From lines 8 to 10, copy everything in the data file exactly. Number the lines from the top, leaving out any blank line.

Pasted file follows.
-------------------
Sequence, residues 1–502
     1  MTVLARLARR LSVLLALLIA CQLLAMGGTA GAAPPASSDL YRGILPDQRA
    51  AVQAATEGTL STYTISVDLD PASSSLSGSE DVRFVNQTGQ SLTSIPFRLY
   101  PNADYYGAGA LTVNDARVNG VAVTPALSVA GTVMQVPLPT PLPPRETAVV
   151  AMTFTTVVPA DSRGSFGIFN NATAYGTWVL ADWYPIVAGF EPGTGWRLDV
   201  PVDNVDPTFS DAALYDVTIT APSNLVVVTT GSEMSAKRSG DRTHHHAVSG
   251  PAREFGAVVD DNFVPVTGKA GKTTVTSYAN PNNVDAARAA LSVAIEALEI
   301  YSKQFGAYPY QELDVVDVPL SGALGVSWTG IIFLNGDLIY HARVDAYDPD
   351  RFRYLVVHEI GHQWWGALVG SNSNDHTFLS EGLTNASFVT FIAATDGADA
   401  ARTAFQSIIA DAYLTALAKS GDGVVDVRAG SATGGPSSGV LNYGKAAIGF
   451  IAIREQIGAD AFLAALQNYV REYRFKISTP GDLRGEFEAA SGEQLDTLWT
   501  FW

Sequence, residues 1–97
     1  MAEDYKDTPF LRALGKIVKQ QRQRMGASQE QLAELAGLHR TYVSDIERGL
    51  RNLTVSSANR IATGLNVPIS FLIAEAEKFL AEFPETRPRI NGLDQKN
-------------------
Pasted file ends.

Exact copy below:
   301  YSKQFGAYPY QELDVVDVPL SGALGVSWTG IIFLNGDLIY HARVDAYDPD
   351  RFRYLVVHEI GHQWWGALVG SNSNDHTFLS EGLTNASFVT FIAATDGADA
   401  ARTAFQSIIA DAYLTALAKS GDGVVDVRAG SATGGPSSGV LNYGKAAIGF